Nora Krug's story of her attempt to confront the hidden truths of her familys wartime past in Nazi Germany and to comprehend the forces that have shaped her life, her generation, and history.Nora Krug was born decades after the fall of the Nazi regime, but the Second World War cast a long shadow throughout her childhood and youth in the city of Karlsruhe, Germany. For Nora, ...
|Title||:||Belonging: A German Reckons with History and Home|
|Number of Pages||:||288 pages|
Belonging: A German Reckons with History and Home Reviews
I have Thoughts and they are hard to solidify!
But first off, visually this book is amazing and I loved the format - scrapbook, diary, graphic memoir. Every page was interesting, even ones filled with hand-written text. How she put everything she investigated, little artifacts, and what she learned and speculated together was done so well. You can watch a video of the author creating a page on her website! It was really cool.
And then it reminded me of everything I learned in all my German classe ...more
We all Search: for roots, meaning, answers, stories, purpose. Nora Krug’s Belonging is the author’s journey of making her way back to the German towns her parents and relatives are from and learning their stories. It’s about Searching, Finding her own way, figuring out Collective Guilt, following the bread crumbs, hoping they’ll lead her ‘home.’
This ‘graphic memoir’ engaged me from the moment I opened it. Mesmerizing, creative, dramatic. I’ve never seen anything like it. (That’s a compliment of ...more
I read the edition that's called Heimat. 'Heimat' is a nuanced German word meaning not just home but also including notions of belonging, family and where you really come from. This book is marketed as a graphic novel in the same way that family memoirs such as Mouse and Persepolis are but I felt this book transcended this format and is some kind of an important historical document merged with beautiful modified personal family pictures and text (including war documents, copy books, lists). I di ...more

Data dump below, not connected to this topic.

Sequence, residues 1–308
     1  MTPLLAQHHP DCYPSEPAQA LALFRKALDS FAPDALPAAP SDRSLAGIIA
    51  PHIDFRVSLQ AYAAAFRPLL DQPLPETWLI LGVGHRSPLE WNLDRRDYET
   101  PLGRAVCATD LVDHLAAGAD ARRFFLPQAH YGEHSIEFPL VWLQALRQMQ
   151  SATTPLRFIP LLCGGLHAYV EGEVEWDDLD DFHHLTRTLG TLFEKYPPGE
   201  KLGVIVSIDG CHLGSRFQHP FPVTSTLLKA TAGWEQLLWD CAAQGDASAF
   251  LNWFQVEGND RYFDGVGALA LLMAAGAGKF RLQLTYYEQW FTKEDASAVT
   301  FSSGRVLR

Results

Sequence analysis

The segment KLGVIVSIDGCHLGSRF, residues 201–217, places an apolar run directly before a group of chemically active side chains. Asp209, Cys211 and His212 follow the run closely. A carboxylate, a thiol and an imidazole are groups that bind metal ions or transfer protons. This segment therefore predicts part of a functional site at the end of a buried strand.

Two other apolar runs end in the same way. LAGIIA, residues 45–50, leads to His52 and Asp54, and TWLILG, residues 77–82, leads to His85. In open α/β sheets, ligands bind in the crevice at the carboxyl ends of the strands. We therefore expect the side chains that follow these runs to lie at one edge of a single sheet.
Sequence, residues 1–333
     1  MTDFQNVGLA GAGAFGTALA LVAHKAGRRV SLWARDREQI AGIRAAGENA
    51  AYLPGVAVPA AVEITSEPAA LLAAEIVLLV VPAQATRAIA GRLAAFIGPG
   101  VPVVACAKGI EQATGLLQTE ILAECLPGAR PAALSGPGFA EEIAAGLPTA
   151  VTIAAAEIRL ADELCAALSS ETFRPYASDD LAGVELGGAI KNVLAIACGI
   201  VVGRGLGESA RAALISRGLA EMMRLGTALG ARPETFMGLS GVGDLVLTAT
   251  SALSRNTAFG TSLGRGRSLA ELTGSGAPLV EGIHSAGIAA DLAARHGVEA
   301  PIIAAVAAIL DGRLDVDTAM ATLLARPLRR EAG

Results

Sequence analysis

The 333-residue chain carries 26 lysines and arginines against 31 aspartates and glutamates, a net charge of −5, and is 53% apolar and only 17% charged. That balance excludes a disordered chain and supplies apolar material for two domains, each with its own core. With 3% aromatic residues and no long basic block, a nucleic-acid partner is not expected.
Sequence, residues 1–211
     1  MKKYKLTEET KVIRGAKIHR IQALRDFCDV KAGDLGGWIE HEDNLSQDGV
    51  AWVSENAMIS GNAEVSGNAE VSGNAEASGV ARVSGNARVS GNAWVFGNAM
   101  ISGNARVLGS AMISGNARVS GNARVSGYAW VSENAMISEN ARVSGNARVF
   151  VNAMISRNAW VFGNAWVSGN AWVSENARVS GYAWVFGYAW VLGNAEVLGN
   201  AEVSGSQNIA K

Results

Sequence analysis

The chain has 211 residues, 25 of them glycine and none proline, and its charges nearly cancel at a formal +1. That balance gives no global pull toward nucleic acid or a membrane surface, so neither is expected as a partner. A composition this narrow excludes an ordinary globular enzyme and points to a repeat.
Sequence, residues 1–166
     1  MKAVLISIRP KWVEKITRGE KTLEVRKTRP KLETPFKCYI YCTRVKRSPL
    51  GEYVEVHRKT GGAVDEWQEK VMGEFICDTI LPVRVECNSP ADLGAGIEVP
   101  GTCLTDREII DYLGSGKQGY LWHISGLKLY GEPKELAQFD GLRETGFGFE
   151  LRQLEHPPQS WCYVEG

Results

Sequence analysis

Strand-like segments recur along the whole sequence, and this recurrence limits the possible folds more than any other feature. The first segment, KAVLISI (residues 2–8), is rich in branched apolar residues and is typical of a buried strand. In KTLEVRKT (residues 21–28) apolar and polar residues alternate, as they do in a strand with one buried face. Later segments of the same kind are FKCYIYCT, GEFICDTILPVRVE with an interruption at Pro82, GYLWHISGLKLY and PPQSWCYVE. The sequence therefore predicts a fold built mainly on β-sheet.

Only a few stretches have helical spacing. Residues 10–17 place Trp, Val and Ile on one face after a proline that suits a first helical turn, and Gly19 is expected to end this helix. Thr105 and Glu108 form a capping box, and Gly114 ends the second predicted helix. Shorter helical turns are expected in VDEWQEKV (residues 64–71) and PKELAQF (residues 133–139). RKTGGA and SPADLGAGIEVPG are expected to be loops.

I am almost overwhelmed at the depth and intensity of this graphic memoir. My husband is a second generation German American, his father was born in Germany shortly before the end of WWII and his mother is of Jewish heritage. As a child, my husband wasn’t taught German and learned very little of his father’s family, never heard stories of the homeland. Reading this book felt like peeking behind an unspoken curtain into some inkling of my father-in-law’s thoughts. I was absolutely captivated both ...more
Set in Karlsruhe, where my German ancestors happened to originate. Nora Krug felt an intense guilt-by-association, from what happened with the nazis. She tried to come to terms with this by digging into the WW-II activities of her grandparents. Not an easy thing to deal with, but she bravely and thoroughly collected the facts.
How does someone resolve such a thing? Even though the events happened before you were born, what are you supposed to think, especially when your immediate heritage was dir ...more
Must write a detailed review later but I have many, many thoughts.
- It seems the author's central motivator is ascertaining what amount of guilt and shame she feels (personally, ancestrally, culturally) is actually 'reasonable', based on what her relatives 'did' or 'did not' do. Along the way, the actual suffering of Jewish people in WWII (including intergenerational suffering for their descendants, some of whom she interviews) becomes a backdrop.
- The illustrations of anti-Semitism make me won ...more
Напевно, всім, хто довший час жив за кордоном, знайоме це відчуття: з часом мимоволі починаєш перетворюватися на збірку всіх національних стереотипів про твою етнічну групу. (Згадаймо всіх своїх українських знайомих, доти навіть не помічених на любові до куховарства, які, відчувши себе на чужині ближчими до свого коріння, ніж будь-коли раніше, мимоволі починають варганити борщ). Символи малої і великої батьківщини ні для кого не є такими нагально-важливими, як для емігранта, що сумує за корінням ...more
Started yesterday, finished this morning: this is the first adult picture book I've wanted to read, and as anticipated, I couldn't put it down.
I suppose you could shelve this in some rather specific way. The 'my grandparents were Nazis' memoir shelf. Or the 'ordinary people in the period 1930-1950 in Nazi Germany' shelf. For me, I'd put it under 'everybody should read this'. It asks all the questions, without coming up with any answers. But keeping those questions on the tip of our collective to ...more